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dc.contributor.authorLynn, Denise
dc.contributor.authorLynn, Denise
dc.date.accessioned2019-11-14T15:49:57Z
dc.date.available2019-11-14T15:49:57Z
dc.identifier.urihttp://hdl.handle.net/20.500.12419/135
dc.descriptionPresentation. 3rd Celebration of Teaching & Learning Symposium, February 6, 2019, the University of Southern Indiana
dc.description.abstractIn the Fall 2017 semester, I conducted an experiment, with IRB approval, in two of my classes (HIST 263: World History from 1700 and HIST 311: Women and Gender). In both classes the students were asked to complete an older version of a Concept Map that required them to read a secondary source historical article and identify the author’s argument, evidence, and conclusion and then to formulate an analytical question based on their reading. The students were then required to complete assignments using a different version of the Concept Map that included the same questions as the first map, with additional questions on what sources the author used, what did they learn from the reading, and what did the reading add to the general scholarship on the course topic. After completing the Concept Maps the students answered questions to determine whether they retained information about the article and could identify what kind of sources the author’s used. Pedagogical research suggests that Concept Mapping aids in the retention of historical material and can improve student understanding of historical analysis. (Nair & Nayansami, 2017) My hypothesis is that Concept Mapping could help student’s identify arguments in secondary source material and analyze the author’s evidence. The results suggest there was a small improvement in student retention between the old and new concept map. This presentation will discuss the results and the limitations of the data set.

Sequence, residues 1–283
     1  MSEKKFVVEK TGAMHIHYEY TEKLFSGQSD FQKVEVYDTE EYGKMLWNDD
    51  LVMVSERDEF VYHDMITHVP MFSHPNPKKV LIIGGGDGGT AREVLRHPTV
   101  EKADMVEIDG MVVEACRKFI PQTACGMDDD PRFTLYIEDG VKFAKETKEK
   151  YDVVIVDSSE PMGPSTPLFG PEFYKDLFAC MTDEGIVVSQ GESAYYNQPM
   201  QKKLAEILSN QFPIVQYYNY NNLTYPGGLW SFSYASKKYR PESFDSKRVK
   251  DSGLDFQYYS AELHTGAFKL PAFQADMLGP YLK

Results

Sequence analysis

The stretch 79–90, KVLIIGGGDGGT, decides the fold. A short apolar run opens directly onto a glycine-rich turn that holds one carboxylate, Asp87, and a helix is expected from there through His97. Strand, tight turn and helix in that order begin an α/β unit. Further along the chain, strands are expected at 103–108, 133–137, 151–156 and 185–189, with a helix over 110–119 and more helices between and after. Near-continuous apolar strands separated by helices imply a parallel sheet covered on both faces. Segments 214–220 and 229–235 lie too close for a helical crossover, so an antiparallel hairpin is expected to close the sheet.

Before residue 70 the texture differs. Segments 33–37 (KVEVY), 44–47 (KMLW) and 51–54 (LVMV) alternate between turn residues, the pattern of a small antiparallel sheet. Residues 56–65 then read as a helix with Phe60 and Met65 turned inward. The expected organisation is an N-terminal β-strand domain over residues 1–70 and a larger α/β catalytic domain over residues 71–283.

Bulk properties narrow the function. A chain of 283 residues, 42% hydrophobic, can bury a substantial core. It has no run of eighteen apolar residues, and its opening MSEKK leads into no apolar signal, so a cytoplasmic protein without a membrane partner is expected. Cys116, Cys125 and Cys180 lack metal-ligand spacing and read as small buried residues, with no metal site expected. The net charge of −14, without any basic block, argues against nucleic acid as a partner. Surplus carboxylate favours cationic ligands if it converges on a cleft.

dc.subjectconcept maps
dc.subjecthistory
dc.subjectstudent outcomes
dc.subjectcritical thinking
dc.titleConcept Maps and History Teaching
html.description.abstract<p>In the Fall 2017 semester, I conducted an experiment, with IRB approval, in two of my classes (HIST 263: World History from 1700 and HIST 311: Women and Gender). In both classes the students were asked to complete an older version of a Concept Map that required them to read a secondary source historical article and identify the author&rsquo;s argument, evidence, and conclusion and then to formulate an analytical question based on their reading. The students were then required to complete assignments using a different version of the Concept Map that included the same questions as the first map, with additional questions on what sources the author used, what did they learn from the reading, and what did the reading add to the general scholarship on the course topic. After completing the Concept Maps the students answered questions to determine whether they retained information about the article and could identify what kind of sources the author&rsquo;s used. Pedagogical research suggests that Concept Mapping aids in the retention of historical material and can improve student understanding of historical analysis. (Nair &amp; Nayansami, 2017) My hypothesis is that Concept Mapping could help student&rsquo;s identify arguments in secondary source material and analyze the author&rsquo;s evidence. The results suggest there was a small improvement in student retention between the old and new concept map. This presentation will discuss the results and the limitations of the data set.</p>
dc.contributor.affiliationUniversity of Southern Indiana


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